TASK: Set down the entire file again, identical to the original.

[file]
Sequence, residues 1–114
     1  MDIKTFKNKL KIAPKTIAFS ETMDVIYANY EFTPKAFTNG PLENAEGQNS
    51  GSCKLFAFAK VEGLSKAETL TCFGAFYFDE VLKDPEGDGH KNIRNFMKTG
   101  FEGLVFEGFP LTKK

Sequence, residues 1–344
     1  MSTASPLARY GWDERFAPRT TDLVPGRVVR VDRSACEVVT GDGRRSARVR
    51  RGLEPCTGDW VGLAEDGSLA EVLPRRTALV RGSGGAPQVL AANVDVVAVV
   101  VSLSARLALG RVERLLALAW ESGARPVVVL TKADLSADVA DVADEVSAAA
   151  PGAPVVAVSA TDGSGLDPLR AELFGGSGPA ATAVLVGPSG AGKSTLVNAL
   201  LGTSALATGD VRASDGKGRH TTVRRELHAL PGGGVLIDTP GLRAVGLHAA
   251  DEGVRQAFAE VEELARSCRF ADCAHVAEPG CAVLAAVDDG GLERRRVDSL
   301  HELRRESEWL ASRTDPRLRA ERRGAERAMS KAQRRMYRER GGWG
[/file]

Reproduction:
Sequence, residues 1–114
     1  MDIKTFKNKL KIAPKTIAFS ETMDVIYANY EFTPKAFTNG PLENAEGQNS
    51  GSCKLFAFAK VEGLSKAETL TCFGAFYFDE VLKDPEGDGH KNIRNFMKTG
   101  FEGLVFEGFP LTKK

Sequence, residues 1–344
     1  MSTASPLARY GWDERFAPRT TDLVPGRVVR VDRSACEVVT GDGRRSARVR
    51  RGLEPCTGDW VGLAEDGSLA EVLPRRTALV RGSGGAPQVL AANVDVVAVV
   101  VSLSARLALG RVERLLALAW ESGARPVVVL TKADLSADVA DVADEVSAAA
   151  PGAPVVAVSA TDGSGLDPLR AELFGGSGPA ATAVLVGPSG AGKSTLVNAL
   201  LGTSALATGD VRASDGKGRH TTVRRELHAL PGGGVLIDTP GLRAVGLHAA
   251  DEGVRQAFAE VEELARSCRF ADCAHVAEPG CAVLAAVDDG GLERRRVDSL
   301  HELRRESEWL ASRTDPRLRA ERRGAERAMS KAQRRMYRER GGWG